- For certain direct indexing solutions, minimums can be very low ($1,000) though most are much higher ($250,000).
- Due to all the trading that takes place, clients may want to turn off their trade confirmation notifications, otherwise, they will be notified each time a trade is made. Similarly, gain/loss recordkeeping for clients and tax preparers can become voluminous.
- Limited asset class availability. Direct indexing solutions may not be available for all the asset classes that clients have in their portfolio, such as international small-cap or REITs.
- In order for the tax optimization to be most effective, there needs to be consistent inflows into the portfolio, allowing for the purchase of new tax lots. Without consistent inflows, the ability to do tax loss harvesting diminishes over time as markets march higher.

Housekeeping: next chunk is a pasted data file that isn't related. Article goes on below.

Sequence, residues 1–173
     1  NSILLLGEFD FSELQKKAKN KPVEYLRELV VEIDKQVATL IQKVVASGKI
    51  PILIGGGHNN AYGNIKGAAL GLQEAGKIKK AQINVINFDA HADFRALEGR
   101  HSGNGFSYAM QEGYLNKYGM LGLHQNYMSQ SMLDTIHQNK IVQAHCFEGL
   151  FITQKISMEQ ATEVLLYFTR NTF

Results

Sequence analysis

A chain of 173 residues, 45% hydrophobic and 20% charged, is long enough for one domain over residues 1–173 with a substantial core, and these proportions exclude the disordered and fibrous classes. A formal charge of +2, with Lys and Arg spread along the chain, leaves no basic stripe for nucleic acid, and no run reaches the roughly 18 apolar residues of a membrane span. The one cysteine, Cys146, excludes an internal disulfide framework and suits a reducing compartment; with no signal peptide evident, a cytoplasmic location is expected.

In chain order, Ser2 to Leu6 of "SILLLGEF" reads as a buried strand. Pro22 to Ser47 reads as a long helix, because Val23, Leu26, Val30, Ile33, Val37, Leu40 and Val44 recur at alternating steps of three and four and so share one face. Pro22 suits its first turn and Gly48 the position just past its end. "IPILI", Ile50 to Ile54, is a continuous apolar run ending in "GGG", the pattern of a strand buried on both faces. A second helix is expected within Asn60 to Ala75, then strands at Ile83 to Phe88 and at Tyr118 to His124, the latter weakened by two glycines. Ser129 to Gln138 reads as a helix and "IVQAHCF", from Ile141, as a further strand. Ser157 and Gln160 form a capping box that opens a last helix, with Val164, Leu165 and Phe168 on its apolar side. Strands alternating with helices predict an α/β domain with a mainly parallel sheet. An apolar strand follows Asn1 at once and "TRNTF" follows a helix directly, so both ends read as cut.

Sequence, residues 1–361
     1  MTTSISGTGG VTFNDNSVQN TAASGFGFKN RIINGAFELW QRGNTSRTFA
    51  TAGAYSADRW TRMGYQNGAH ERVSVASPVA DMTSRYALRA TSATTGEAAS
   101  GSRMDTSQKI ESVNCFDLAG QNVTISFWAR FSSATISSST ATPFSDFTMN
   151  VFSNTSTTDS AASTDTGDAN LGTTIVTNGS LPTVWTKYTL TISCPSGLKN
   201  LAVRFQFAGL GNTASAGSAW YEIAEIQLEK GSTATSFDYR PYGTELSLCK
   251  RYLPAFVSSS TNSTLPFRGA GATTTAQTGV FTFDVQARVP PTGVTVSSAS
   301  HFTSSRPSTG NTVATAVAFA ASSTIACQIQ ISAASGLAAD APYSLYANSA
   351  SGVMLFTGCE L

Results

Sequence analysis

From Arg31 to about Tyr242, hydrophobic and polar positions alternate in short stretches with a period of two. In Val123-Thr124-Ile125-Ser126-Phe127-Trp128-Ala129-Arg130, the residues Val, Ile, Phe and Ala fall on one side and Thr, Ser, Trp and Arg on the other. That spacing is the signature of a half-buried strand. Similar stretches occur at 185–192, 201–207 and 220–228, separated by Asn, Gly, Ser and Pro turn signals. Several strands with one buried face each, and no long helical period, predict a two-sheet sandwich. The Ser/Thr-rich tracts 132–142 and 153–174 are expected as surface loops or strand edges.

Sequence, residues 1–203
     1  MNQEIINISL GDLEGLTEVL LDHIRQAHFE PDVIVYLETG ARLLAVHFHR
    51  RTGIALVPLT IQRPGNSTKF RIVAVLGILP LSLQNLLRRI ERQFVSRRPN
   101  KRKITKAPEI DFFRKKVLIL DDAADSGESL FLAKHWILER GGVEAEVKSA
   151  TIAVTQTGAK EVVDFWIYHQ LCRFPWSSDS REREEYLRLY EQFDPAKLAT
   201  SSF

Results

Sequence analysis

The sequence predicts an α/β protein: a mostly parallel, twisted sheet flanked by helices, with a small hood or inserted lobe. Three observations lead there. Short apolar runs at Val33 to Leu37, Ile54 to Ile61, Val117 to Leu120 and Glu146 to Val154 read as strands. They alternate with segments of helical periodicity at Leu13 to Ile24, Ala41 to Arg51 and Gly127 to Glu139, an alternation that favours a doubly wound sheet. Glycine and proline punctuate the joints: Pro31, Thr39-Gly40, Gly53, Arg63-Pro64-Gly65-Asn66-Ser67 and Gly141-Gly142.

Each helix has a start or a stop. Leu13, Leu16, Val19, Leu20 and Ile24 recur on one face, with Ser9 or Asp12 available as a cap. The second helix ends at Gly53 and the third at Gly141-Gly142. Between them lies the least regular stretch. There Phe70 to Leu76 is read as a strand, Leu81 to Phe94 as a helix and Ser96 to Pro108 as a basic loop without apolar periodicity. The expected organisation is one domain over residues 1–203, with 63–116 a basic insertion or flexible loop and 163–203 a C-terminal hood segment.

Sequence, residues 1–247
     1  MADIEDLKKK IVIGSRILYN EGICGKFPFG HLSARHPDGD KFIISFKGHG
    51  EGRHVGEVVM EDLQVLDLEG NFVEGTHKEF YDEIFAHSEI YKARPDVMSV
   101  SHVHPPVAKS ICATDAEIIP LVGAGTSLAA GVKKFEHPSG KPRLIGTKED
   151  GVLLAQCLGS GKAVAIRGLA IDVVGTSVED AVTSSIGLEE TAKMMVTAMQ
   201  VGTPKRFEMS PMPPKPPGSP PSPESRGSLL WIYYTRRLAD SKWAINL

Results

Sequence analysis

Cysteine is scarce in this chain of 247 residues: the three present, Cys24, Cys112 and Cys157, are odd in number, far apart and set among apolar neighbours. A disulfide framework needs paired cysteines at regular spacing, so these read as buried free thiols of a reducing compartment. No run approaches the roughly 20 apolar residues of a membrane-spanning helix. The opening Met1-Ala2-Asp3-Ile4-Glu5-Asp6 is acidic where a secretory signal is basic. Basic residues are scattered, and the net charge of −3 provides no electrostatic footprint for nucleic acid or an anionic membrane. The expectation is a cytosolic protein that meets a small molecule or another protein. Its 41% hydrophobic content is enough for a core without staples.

There are also some advisor-specific challenges, including:
- It is much easier for advisors to rebalance a portfolio of mutual funds and ETFs. Advisors who implement direct indexing themselves will likely have a less efficient rebalancing process.
- Unlike mutual funds and ETFs that have their fees embedded into the product, fees for outsourced direct indexing will appear as a line item on statements.
- There may be software costs to account for in order to gain access to certain direct indexing solutions.
- Becoming the asset manager—for some direct indexing solutions, the asset manager is the one reviewing and directing trades, monitoring tracking errors, and doing the daily portfolio upkeep. However, in other solutions, this work is all up to the advisor. Advisors may need to increase staff and/or trading expertise in order to dramatically increase their usage of this type of direct indexing solution.
- Due diligence—when an asset manager has discretion, it is incumbent upon the advisor to periodically perform due diligence on the asset manager to make sure they are doing what is expected.